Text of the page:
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When Gentrification Is a Mental Health Issue [citylab.com]

 

Gentrification can be hazardous to your health, according to a team of New York City researchers. Their recently published study finds that hospitalization rates for mental illness—including schizophrenia and mood disorders—are two times as high in displaced people versus those who remain in their neighborhood. It is one of the first U.S. studies to quantify the hidden mental health consequences of gentrification.

The potential public health implications are significant: Nearly a million people are at risk of being priced out of their homes in New York City alone. National numbers reveal that gentrification is greatly accelerating. Since 2000, 20 percent of low-income neighborhoods gentrified in the 50 largest cities in the country (compared to 9 percent in the 1990s) with the highest number of gentrifying census tracts located in New York City.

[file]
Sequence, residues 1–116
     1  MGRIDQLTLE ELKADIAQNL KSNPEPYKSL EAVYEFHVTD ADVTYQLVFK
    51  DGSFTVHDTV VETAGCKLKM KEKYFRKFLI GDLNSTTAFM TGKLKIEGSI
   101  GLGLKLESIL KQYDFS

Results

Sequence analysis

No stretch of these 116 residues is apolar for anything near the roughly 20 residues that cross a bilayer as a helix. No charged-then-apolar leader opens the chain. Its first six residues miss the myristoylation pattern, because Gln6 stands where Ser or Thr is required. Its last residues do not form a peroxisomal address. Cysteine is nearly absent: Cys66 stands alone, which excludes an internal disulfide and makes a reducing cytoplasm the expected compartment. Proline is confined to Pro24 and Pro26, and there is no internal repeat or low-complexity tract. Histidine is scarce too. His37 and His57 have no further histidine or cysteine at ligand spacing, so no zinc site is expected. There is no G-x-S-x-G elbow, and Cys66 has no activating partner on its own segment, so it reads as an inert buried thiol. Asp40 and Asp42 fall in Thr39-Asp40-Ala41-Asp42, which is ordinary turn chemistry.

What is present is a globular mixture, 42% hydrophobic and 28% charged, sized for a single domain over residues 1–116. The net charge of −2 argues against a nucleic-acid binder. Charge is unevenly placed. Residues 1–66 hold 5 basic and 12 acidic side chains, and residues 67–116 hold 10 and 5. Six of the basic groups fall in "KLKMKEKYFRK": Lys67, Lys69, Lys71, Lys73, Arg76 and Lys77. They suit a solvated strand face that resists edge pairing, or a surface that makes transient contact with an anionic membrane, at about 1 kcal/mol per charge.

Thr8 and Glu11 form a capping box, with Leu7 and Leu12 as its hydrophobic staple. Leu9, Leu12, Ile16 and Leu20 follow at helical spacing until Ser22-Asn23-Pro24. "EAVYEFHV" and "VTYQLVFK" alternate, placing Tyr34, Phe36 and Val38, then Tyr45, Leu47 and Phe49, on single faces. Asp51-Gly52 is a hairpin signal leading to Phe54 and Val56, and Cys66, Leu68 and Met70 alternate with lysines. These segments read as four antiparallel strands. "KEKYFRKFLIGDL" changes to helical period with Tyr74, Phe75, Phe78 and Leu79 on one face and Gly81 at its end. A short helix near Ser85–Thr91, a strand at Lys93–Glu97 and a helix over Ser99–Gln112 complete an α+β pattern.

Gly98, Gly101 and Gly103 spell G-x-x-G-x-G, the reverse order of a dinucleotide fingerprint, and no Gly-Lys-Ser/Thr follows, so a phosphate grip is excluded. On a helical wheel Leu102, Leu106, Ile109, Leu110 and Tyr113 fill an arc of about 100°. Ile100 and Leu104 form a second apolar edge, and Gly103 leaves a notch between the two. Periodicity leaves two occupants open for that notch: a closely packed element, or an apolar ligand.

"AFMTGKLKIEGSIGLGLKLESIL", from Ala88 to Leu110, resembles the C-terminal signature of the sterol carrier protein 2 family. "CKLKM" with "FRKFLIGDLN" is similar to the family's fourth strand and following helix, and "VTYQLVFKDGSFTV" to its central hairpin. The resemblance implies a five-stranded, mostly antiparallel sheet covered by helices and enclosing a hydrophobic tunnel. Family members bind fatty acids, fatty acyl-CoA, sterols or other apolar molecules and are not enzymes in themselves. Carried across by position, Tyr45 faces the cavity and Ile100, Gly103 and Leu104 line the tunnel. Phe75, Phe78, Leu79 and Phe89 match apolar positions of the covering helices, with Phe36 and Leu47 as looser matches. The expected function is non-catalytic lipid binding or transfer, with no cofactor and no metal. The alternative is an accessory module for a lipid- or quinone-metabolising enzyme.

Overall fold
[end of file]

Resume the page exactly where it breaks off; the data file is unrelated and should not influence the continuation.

If displacement results in an increase in mental health hospitalizations, as this study suggests, the cost to U.S. cities could be high. There is a strong link between mental health and chronic conditions including diabetes, cancer, and heart disease. A person with a history of mental illness is two to six times as likely to suffer from injury, whether intentional, like a homicide or suicide, or unintentional, such as a car accident, than a person with no mental illness.

[For more on this story by MARCIA ROBIOU, go to https://www.citylab.com/equity...health-issue/556526/]

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